3D-printed, stem cell-loaded hydrogels create personalized craniofacial bone grafts

Researchers have demonstrated how 3D-printed hydrogels loaded with stem cells can produce superior craniofacial bone grafts that are tailored to an individuals bone structure.

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Researchers from Texas A&M University (TX, USA) have brought together the fields of 3D printing, biomaterial engineering and stem cell biology to develop a novel technique to produce personalized craniofacial bone grafts.

Materials used for craniofacial bone implants are either biologically inactive and extremely hard, like titanium, or biologically active and too soft, like biopolymers,” explained co-author Roland Kaunas (Texas A&M University).

In our study, we have developed a synthetic polymer that is both bioactive and mechanically strong. These materials are also 3D printable, allowing custom-shaped craniofacial implants to be made that are both aesthetically pleasing and functional,” Kaunas continued.

Described in a recent study, published in Advanced Healthcare Materials, the new technique involves loading hydrogels with bone stem cells and 3D-printing them to any desired shape. In this way, once the personalized bone grafts are implanted in the target site, they are able to stimulate bone regeneration in a customized shape.

Whilst the pliability of hydrogels is imperative to this technique, their softness can also compromise the accuracy and mechanical integrity of the implant. To overcome this, the researchers developed a nanoengineered ionic-covalent entanglement (NICE) bioink for the scaffolds made from three ingredients, the chemical bonds between which increased the materials strength eight-fold.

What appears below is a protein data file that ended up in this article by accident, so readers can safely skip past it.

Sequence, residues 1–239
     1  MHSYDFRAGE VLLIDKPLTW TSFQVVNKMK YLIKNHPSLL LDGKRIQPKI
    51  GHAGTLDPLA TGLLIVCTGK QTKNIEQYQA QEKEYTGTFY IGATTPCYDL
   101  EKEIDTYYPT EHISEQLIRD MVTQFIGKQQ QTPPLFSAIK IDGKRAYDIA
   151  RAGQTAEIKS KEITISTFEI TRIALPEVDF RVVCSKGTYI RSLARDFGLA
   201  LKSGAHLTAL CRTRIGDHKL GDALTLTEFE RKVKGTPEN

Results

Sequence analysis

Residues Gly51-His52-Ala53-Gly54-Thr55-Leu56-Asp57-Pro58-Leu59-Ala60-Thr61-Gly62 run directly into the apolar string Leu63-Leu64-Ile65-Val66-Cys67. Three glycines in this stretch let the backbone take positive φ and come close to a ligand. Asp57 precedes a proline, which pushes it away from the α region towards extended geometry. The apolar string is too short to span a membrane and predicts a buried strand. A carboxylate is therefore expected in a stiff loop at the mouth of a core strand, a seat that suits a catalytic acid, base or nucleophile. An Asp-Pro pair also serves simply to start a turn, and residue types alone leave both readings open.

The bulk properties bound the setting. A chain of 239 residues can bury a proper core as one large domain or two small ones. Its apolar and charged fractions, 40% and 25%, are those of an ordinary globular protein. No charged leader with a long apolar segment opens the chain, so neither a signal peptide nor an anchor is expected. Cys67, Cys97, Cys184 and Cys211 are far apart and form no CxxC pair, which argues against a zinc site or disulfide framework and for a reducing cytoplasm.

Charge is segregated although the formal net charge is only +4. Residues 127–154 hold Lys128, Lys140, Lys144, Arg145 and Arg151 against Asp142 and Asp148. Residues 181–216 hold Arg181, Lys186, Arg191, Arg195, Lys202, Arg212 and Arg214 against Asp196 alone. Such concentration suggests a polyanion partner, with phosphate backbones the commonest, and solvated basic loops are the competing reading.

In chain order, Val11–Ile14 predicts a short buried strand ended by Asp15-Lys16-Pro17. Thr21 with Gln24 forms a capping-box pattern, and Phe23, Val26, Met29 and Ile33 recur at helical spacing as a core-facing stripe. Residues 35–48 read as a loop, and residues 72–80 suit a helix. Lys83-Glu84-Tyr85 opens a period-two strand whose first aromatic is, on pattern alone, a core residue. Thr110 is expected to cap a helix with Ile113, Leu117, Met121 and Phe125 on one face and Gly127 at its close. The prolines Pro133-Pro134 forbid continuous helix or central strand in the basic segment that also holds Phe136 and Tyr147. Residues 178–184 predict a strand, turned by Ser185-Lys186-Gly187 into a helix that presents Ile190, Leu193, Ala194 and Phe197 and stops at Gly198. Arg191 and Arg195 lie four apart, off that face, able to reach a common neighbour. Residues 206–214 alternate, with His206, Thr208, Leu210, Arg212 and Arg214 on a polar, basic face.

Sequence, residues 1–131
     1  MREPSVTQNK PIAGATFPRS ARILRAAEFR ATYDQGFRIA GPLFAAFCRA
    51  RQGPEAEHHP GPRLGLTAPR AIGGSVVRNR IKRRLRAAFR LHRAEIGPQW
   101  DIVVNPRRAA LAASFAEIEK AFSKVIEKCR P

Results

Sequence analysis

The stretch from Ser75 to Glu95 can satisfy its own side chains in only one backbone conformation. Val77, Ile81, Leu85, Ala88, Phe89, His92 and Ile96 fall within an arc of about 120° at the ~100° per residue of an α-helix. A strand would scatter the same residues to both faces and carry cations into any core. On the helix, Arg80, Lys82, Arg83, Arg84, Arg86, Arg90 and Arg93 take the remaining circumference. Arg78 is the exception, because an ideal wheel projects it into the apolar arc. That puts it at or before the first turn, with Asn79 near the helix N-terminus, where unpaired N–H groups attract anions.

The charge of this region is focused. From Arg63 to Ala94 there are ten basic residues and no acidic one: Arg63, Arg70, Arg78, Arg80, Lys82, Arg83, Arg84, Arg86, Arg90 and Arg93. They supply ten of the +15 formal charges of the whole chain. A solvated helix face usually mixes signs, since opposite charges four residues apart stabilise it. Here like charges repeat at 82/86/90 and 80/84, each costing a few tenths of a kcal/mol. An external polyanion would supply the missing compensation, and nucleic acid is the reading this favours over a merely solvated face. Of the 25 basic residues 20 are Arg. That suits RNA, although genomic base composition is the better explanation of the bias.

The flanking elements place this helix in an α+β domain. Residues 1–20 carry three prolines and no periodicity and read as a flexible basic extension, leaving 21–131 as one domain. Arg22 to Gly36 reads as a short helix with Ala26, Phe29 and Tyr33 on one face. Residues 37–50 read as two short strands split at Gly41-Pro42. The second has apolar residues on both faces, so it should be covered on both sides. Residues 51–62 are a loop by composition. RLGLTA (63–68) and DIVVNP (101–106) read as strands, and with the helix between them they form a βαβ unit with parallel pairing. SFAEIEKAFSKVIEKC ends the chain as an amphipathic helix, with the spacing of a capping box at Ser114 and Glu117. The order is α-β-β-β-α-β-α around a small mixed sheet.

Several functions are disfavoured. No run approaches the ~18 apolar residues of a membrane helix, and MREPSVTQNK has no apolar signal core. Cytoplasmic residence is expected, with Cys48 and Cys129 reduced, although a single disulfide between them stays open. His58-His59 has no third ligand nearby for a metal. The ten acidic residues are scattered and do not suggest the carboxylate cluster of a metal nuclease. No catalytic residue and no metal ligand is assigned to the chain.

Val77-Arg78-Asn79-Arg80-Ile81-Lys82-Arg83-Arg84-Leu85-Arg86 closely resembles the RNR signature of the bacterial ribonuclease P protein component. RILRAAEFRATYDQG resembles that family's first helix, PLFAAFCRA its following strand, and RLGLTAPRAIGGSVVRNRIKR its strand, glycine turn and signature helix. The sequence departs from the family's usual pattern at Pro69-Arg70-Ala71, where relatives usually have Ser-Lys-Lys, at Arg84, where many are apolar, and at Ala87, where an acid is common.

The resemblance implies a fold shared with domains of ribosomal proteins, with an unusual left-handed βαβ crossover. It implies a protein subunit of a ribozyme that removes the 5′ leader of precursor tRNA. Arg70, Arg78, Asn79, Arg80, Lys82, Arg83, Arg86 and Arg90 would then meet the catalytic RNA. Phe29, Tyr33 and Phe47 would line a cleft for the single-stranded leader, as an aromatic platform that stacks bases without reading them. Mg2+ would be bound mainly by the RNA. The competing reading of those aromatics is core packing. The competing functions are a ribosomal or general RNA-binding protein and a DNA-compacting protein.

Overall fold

The technique the researchers used involved 3D printing parts with the NICE bioink and loading these parts with adult stem cells, which are then chemically induced to convert into bone cells. After a few weeks, the researchers observed an increase in bone cells and consequently an increase in bone-associated proteins and minerals.


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These products then formed an extracellular matrix to facilitate the growth and survival of bone cells. Once the extracellular matrix is fully developed the bone cells can be removed and the hydrogel placed at the site of injury. Healthy bones will encourage healing and, after time, the hydrogel with biodegrade, leaving behind a healed bone in the right shape.

The idea is to have the body’s own bone repair machinery participate in the repair process. Our biomaterial is enriched with this regenerative extracellular matrix, providing a fertile environment to naturally trigger bone and tissue restoration,” Kaunas remarked.

The technique investigated by the researchers provides a strong framework for producing personalized bone grafts that enable in situ bone regeneration. Although this study focused on repairing craniofacial bones, the researchers stressed that they intend to expand the use of the technology to other injuries in the near future.

Sources: Sears C, Mondragon E, Richards ZI et al. Conditioning of 3D printed nanoengineered ionic–covalent entanglement scaffolds with iP‐hMSCs derived matrix. Adv. Healthc. Mater. doi:10.1002/adhm.201901580 (2020) (Epub ahead of print); https://today.tamu.edu/2020/06/02/texas-am-researchers-use-3d-printed-biomaterials-laced-with-stem-cells-to-create-superior-bone-grafts/

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Katherine Gordon

Assistant Editor, Future Science Group

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